soap:encodingStyle="http://schemas.xmlsoap.org/soap/encoding/"
xmlns:soap="http://schemas.xmlsoap.org/soap/envelope/">
<soap:Body><soap:Fault><faultcode>soap:Client</faultcode>
<faultstring>Application failed during request deserialization: no element found
</faultstring></soap:Fault></soap:Body></soap:Envelope>

There are several differences between the debug of the CGI-based and Mod-Perl versions of hello.pl

CGI issues a Content-Length and a Content-Type of text/xml whereas Mod-Perl does not issue a Content-Length (thus Chunking) and issues a Content-Type of text/plain

Then the 500 error is issued resulting in a SOAP fault of "Application failed during request deserialization: no element found"

I suspect the differences I see in the debug(s) hold the answer to why my Mod-Perl version is not working. I would greatly appreciate someone having experience with SOAP/Mod-Perl/Apache looking this over and pointing me in a direction toward repairing my service.

If more information is needed -- I will gladly post it.

Thank You and please excuse the bandwidth

Comment on Convert SOAP service from CGI to Mod-Perl (ModPerl::Registry)
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Re: Convert SOAP service from CGI to Mod-Perl (ModPerl::Registry)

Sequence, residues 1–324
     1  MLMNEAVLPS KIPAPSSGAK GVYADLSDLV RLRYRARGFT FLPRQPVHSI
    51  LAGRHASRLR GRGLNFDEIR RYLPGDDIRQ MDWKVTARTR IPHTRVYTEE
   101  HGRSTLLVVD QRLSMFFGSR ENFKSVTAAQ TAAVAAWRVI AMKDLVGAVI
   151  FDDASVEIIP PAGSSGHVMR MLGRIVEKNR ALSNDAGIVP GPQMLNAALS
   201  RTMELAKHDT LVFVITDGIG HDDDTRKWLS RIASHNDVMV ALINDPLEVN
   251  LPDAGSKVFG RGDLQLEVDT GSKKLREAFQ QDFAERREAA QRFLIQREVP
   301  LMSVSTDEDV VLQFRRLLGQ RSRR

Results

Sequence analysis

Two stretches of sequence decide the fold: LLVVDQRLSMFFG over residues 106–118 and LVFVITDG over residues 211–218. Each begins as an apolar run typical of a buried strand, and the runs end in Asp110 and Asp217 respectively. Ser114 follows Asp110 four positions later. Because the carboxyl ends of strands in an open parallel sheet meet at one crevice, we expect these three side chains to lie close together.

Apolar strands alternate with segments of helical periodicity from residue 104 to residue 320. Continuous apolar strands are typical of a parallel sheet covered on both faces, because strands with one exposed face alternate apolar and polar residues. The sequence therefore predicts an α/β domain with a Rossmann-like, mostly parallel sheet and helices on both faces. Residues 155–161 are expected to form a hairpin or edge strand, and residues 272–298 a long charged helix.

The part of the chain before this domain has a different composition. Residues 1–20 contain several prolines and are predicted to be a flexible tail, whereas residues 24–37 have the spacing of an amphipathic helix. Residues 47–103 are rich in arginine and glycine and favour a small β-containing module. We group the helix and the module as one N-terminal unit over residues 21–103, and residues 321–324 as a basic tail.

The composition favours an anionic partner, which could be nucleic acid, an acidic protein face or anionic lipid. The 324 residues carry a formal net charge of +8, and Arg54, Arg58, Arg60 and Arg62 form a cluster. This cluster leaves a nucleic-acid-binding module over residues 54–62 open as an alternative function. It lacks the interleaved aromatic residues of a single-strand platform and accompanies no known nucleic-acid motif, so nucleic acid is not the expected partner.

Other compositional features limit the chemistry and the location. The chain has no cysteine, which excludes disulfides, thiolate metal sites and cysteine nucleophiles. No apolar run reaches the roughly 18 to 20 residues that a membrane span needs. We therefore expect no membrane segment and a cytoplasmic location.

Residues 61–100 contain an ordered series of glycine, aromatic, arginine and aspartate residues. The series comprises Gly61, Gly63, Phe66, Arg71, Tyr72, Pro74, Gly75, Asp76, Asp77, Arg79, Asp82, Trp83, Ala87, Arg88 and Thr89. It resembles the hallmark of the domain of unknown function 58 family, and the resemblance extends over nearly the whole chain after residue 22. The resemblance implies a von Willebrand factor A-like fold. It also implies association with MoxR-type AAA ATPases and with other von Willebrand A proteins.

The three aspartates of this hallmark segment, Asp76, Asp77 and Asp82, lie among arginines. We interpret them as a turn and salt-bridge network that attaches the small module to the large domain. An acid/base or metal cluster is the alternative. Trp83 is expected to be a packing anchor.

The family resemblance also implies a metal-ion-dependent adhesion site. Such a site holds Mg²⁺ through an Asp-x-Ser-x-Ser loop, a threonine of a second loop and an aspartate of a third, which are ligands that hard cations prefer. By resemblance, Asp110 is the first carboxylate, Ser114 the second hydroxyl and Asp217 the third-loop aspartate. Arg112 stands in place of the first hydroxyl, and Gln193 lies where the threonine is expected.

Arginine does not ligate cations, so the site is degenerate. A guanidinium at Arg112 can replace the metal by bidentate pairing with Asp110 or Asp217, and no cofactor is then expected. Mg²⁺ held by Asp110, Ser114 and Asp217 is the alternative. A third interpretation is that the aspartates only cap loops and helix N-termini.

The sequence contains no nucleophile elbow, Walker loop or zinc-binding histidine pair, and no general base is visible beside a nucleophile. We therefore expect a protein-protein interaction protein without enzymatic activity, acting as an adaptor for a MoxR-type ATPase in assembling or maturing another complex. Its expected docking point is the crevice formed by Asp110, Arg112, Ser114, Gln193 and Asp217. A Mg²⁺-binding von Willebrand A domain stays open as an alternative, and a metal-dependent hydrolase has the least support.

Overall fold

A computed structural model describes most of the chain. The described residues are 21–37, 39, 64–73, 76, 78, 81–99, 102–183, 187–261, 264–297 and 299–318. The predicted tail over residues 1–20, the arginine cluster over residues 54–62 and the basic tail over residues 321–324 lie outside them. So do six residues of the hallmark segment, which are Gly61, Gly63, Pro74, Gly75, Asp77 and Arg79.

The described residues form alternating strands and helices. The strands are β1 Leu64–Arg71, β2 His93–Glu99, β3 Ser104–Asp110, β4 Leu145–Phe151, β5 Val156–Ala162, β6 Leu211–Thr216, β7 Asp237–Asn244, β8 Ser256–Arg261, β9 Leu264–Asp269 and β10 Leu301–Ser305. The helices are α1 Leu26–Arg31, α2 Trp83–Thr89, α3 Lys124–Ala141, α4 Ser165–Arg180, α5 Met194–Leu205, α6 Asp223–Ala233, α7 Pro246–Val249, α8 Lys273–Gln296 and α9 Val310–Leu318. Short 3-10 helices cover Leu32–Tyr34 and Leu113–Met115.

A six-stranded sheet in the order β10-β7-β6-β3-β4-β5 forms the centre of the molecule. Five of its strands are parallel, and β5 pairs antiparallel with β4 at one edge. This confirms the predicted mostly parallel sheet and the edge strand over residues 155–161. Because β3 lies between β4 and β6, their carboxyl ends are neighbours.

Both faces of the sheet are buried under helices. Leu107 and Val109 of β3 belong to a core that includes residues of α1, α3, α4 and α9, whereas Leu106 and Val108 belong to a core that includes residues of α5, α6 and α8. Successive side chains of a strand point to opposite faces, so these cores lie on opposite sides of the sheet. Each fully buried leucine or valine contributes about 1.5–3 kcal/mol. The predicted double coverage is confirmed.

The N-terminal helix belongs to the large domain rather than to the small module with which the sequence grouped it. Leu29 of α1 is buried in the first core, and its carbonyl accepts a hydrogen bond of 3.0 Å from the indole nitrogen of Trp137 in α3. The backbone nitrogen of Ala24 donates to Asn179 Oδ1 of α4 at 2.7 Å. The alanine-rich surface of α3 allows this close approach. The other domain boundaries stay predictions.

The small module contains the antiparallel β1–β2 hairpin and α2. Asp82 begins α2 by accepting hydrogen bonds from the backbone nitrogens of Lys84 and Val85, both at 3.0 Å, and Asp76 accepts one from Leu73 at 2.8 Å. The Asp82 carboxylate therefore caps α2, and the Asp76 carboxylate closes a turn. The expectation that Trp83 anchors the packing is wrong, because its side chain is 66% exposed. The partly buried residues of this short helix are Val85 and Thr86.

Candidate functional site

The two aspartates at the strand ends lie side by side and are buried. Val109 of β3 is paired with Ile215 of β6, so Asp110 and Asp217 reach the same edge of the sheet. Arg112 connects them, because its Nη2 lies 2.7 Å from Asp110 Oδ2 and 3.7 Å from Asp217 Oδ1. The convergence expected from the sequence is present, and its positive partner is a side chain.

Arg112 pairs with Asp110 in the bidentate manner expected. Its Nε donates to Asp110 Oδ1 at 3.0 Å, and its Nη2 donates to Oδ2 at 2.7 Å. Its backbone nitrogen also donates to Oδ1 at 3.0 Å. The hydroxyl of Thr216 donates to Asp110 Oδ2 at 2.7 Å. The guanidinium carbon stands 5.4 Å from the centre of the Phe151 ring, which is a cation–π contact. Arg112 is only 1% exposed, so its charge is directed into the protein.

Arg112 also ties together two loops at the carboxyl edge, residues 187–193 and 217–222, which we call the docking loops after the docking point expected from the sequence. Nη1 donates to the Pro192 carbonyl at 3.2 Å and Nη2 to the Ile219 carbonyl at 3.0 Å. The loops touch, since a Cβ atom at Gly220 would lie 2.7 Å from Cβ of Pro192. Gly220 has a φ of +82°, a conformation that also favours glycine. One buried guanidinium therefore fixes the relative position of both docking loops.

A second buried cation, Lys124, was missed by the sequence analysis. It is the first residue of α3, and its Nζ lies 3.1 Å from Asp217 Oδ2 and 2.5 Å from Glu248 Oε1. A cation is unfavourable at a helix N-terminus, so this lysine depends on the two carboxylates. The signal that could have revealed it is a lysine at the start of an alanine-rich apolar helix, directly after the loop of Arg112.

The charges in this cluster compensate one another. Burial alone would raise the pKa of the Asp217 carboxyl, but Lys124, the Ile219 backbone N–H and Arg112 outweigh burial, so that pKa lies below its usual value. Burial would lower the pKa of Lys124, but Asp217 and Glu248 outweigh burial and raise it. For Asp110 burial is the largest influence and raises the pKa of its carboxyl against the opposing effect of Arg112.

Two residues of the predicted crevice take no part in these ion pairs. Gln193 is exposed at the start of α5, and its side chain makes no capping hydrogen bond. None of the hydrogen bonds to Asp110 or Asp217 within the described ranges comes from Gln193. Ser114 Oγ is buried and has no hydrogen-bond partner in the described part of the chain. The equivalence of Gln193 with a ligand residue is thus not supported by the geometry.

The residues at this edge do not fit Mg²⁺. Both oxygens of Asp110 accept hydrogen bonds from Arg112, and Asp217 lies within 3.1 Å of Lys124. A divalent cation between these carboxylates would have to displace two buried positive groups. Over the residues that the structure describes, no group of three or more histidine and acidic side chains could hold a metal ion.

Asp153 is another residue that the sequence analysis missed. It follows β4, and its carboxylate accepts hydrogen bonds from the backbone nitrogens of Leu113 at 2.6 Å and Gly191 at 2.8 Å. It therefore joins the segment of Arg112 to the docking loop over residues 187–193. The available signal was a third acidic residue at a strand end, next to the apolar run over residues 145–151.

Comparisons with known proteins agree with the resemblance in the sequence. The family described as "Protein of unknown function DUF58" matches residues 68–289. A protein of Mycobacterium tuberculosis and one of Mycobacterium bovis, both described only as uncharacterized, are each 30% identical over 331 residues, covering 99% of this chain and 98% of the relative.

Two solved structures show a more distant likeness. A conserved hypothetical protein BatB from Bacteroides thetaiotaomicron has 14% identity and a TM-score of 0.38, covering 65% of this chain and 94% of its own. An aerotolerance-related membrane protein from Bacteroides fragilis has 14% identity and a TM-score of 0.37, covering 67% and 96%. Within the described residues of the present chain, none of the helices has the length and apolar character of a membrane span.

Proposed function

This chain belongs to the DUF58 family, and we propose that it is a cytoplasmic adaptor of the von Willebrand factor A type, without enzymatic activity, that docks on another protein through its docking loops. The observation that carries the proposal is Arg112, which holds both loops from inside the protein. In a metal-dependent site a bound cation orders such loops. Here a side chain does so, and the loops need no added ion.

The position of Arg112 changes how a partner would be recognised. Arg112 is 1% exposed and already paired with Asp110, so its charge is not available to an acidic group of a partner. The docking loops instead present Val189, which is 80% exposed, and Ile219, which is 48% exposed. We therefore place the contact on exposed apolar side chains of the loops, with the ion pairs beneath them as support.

by halfcountplus (Hermit) on Oct 01, 2010 at 18:21 UTC

    I have not used Modperl::Registry or SOAP::Transport, so the purpose of the "Hello.pm" handler is not clear to me BUT I have written perl modules for use under mod perl and if this handler module is used the same way by Modperl::Registry:

    package Hello; sub hello { return "hello, world"; } 1;

    Then the function "hello" should be called "handler" -- that is the function mod_perl uses at instantiation of the package, much like a function "new" is required to instantiate an object. Are you sure this is not the case here? Just a thought.

Re: Convert SOAP service from CGI to Mod-Perl (ModPerl::Registry)
by Anonymous Monk on Oct 02, 2010 at 00:01 UTC

      That is one of the links I'm using for my examples/guides. I will go over it again to see what I may have mis-interpreted or just plain missed. Thanks for the reply.